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Weyerhauser plant STOCK

Weyerhauser's plant in Longview.

A healthy national housing market buoyed Weyerhaeuser Co. to lofty first-quarter profits, the company reported Friday.

Net earnings increased to $275 million, up from $167 million during the same period last year. Net sales were $1.9 billion, nearly $200 million more than the first quarter of 2017.

Strong lumber prices drove solid demand for logs, the company said.

Weyerhauser’s western timberlands delivered $165 million in earnings — $32 million more than the first quarter of last year.

The results are welcome news for the local economy, given that the company still employs several hundred workers here at its Longview sawmill and log dock, and within its timber operations.

“The housing market continues to grow at a healthy rate,” CEO Doyle Simons told investors Friday on an earnings call.

Total housing starts for the first quarter averaged 1.32 million units on a seasonally adjusted annual basis — the highest quarterly average since the second quarter of 2007, he noted.

Year-to-date housing starts have increased 8 percent, while permit activity increased 47 percent through February compared with a year ago.

“Builder confidence is high and our customers are reporting a strong start to the spring selling season supported by continued employment growth, rising wages, historically strong consumer confidence and growing participation by the millennial home buyer,” Simons said.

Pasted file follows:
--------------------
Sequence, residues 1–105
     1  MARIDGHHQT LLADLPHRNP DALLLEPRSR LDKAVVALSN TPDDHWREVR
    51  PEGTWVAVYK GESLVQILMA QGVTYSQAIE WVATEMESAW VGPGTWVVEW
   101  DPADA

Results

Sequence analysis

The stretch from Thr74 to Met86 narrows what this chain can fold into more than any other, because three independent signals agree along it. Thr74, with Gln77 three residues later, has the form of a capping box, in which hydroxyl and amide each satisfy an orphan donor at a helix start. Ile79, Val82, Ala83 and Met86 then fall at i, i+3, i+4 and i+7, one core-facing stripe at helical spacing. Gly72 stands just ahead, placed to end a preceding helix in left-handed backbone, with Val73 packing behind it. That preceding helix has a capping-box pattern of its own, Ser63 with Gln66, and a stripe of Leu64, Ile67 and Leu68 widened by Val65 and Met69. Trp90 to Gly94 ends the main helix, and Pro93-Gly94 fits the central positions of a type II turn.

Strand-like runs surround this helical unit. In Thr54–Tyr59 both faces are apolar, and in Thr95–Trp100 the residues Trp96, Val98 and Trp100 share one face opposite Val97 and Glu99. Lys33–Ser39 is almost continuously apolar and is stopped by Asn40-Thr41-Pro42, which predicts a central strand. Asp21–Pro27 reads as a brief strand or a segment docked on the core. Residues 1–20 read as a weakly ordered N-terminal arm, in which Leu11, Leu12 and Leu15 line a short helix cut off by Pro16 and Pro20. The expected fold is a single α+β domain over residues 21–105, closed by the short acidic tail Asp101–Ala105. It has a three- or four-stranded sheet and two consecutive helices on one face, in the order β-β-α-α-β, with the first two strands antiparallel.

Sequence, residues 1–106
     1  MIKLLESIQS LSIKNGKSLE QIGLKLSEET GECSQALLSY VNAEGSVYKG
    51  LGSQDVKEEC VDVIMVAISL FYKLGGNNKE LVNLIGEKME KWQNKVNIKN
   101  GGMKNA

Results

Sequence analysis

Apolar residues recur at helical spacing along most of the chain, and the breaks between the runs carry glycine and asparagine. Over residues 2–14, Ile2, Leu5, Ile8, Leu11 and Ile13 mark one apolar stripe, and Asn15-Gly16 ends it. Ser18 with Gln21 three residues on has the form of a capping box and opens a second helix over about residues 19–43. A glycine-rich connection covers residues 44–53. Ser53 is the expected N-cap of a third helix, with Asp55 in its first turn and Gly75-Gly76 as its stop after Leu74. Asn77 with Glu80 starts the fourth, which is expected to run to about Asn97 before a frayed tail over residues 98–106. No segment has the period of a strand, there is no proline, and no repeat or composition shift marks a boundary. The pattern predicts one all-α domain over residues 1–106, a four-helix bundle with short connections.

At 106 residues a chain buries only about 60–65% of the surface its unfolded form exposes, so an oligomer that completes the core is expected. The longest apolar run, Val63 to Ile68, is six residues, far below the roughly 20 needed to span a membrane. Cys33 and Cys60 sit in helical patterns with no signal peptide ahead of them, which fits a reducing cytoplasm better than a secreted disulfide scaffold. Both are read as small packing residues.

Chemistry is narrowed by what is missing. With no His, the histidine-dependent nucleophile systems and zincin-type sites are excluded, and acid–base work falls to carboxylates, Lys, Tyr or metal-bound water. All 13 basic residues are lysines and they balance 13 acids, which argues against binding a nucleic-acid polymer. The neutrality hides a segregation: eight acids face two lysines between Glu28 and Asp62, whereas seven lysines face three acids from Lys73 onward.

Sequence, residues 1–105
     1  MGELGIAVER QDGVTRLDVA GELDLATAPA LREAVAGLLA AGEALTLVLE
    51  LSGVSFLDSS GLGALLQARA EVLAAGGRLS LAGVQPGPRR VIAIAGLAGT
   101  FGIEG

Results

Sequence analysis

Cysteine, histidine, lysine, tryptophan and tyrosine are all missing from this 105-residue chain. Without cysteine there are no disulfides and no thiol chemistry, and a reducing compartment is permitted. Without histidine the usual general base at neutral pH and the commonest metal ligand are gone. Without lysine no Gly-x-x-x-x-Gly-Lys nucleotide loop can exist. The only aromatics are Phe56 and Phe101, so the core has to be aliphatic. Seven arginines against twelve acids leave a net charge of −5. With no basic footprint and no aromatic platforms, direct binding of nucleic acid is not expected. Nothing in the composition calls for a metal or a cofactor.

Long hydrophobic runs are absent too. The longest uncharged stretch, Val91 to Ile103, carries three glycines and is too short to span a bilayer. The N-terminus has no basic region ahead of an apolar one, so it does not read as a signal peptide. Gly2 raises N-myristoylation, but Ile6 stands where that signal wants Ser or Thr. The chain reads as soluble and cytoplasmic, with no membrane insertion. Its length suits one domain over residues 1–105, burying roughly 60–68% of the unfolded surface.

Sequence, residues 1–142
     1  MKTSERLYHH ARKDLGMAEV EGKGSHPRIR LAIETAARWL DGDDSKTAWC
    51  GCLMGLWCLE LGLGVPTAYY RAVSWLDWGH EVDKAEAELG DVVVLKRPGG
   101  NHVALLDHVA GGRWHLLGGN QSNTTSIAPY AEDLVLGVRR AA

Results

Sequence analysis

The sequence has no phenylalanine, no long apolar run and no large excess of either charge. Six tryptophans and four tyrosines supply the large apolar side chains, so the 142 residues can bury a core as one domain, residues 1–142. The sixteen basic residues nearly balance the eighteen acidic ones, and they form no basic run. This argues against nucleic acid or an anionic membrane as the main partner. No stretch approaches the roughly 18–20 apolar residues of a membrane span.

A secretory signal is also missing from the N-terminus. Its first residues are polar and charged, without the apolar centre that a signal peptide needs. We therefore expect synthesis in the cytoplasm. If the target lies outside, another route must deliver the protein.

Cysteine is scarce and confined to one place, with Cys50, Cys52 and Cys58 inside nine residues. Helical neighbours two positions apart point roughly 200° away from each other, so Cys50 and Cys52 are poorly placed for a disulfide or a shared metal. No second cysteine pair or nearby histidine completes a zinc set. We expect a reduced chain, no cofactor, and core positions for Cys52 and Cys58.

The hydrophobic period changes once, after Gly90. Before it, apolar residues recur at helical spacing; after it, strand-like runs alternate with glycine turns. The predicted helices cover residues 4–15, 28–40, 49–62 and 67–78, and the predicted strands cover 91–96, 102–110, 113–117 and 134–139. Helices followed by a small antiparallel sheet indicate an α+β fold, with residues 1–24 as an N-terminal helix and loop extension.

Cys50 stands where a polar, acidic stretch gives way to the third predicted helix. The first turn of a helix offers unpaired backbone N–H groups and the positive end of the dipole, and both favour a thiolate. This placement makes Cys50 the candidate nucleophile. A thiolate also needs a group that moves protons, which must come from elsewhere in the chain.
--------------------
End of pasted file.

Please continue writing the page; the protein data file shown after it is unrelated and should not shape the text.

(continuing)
The company expects another 1.3 million total housing starts in 2018, with single family starts up nearly 10 percent.

The impact on earnings of the new federal tax law was not entirely clear, but the company paid only $17 million in corporate income tax this past quarter, down from $59 million a year earlier.

The company expects second-quarter earnings to be significantly higher than the same time a year ago, but approximately $25 million lower than this year’s first quarter due to normal seasonality.

Slightly higher log sales will likely be offset by higher logging costs and increased road and forestry costs.

Weyerhauser could return some profits to shareholders through an increased dividend, but it will also look at reinvesting new capital, Simon said.

“Our board will continue to regularly view opportunities to return cash to shareholders, and this may come in the form of a increased dividend, or as you pointed out, opportunistic share repurchases as appropriate,” he said. “Secondly, we’ll continue to invest in our businesses.”

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